||The Independent and Daily Mail today both cover the twitter messages posted by a Fox News presenter, Erik Rush, in response to the bomb blasts at the Boston Marathon on Sunday.
Rush, in a reactionary move, appeared to be blaming Saudis for the attack tweeting:
“@erikrush Everybody do the National Security Ankle Grab! Let's bring more Saudis in without screening them! C'mon! #bostonmarathon.”
Responding to a tweet asking if he was blaming Muslims, Rush replied:
“Yes, they’re evil. Let’s kill them all.”
Rush also responded to tweeters whom he considered ‘Islamist apologists’ writing:
“It's nice to see all the Islamist apologists standing up for those who would waste them in a heartbeat.”
The Independent draws attention to other articles written by Rush, including one titled ‘Yes, Islam is an enemy’ from September 2012 in which he wrote:
“Islam has never played well with others, and this is because it is a worldview with a creed, dogma and religious aspects, rather than a religion per se. All of these militate against its tolerance of divergent societies and cultures.
“This is truth: Both the political left and Islamists in America have been exploiting the First Amendment and Americans’ generous nature in order to conquer us.”
CAIR has urged its readers to contact Fox News urging that Rush be dropped from their scheduling. That Rush has continued in his post so long is perhaps an indication of how diligent Fox is in screening individuals invited onto its channel.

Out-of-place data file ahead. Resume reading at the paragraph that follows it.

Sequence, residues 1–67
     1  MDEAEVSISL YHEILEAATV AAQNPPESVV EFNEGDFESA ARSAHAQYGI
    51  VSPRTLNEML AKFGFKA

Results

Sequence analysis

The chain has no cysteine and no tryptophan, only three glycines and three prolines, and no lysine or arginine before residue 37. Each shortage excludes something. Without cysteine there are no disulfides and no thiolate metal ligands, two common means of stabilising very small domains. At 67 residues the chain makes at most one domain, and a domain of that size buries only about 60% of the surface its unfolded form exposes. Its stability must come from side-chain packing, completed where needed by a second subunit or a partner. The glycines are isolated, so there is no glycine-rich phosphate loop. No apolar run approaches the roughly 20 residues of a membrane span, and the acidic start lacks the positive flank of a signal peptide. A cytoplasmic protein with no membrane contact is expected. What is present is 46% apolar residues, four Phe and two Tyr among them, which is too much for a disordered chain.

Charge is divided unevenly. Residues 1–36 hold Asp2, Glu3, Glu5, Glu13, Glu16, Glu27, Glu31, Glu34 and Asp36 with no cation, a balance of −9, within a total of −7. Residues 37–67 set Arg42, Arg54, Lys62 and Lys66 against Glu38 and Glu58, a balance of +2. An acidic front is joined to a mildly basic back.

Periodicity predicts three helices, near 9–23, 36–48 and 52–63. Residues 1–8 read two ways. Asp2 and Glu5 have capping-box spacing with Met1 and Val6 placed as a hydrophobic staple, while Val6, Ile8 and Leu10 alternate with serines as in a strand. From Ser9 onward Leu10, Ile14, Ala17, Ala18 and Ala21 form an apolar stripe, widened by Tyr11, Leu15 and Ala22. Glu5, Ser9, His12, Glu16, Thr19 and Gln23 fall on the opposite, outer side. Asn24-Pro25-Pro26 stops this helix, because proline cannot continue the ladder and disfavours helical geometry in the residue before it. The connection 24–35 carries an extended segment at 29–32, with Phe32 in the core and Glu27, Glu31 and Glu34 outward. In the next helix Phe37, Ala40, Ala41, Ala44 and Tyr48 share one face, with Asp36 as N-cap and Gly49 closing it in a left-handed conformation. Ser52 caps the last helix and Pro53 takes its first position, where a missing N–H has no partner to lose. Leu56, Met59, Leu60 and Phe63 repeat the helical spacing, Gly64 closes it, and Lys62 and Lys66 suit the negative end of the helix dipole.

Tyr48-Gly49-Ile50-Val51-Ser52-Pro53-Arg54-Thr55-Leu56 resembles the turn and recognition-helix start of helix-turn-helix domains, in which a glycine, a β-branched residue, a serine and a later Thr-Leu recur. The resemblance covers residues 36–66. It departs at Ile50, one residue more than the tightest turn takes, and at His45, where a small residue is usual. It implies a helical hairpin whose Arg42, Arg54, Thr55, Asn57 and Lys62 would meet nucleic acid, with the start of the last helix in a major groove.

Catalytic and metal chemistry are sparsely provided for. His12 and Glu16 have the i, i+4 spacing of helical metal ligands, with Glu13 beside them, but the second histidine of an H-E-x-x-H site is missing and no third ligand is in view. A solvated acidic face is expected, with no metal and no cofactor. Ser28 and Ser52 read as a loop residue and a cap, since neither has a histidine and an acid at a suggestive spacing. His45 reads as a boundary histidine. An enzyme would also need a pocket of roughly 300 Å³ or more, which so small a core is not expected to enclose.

In the aftermath of Anders Breivik’s attacks in Norway in 2011, media coverage – including a Sun front page declaring ‘Norway’s 9/11’ – was quick to point the finger of blame at Al-Qaida linked terrorists. The hashtag ‘blamethemuslims’, created by Sanum Ghafoor, partly in response to media coverage of Breivik’s attacks, intelligently mocked the rush to presume Muslims as guilty of all such atrocities.
Glenn Greenwald in The Guardian referred to the “rush, one might say the eagerness, to conclude that the attackers were Muslim was palpable and unseemly, even without any real evidence.
“The New York Post quickly claimed that the prime suspect was a Saudi national (while also inaccurately reporting that 12 people had been confirmed dead). The Post's insinuation of responsibility was also suggested on CNN by Former Bush Homeland Security Adviser Fran Townsend ("We know that there is one Saudi national who was wounded in the leg who is being spoken to"). Former Democratic Rep. Jane Harman went on CNN to grossly speculate that Muslim groups were behind the attack. Anti-Muslim bigots like Pam Geller predictably announced that this was "Jihad in America". Expressions of hatred for Muslims, and a desire to do violence, were then spewing forth all over Twitter (some particularly unscrupulous partisan Democrat types were identically suggesting with zero evidence that the attackers were right-wing extremists).”
Noting that the perpetrators could well turn out to be Muslims, but just as well not, Greenwald makes a pertinent point in raising the lasting consequences of uninformed, finger-pointing for Muslim communities:
“[T]he damage from this relentless and reflexive blame-pinning endures”.
In research published last year, Tung Yin explored the tendency to ‘blame the Muslims’ for terrorist incidents in knee-jerk fashion. Yin argued that the “undue temptation” to assume that perpetrators of any new apparent act of terrorism are probably Muslims reinforces racial profiling prejudices and leads to Muslims paying a “racial tax” as a result of such biased perceptions.
Terrorism is not owned by any one ideology or creed, as the facts and successive analyses makes clear. Perhaps it is time for those responsible for shaping public discourses and policy on terrorism to question the dangerous implications of their simplistic, biased assumptions.
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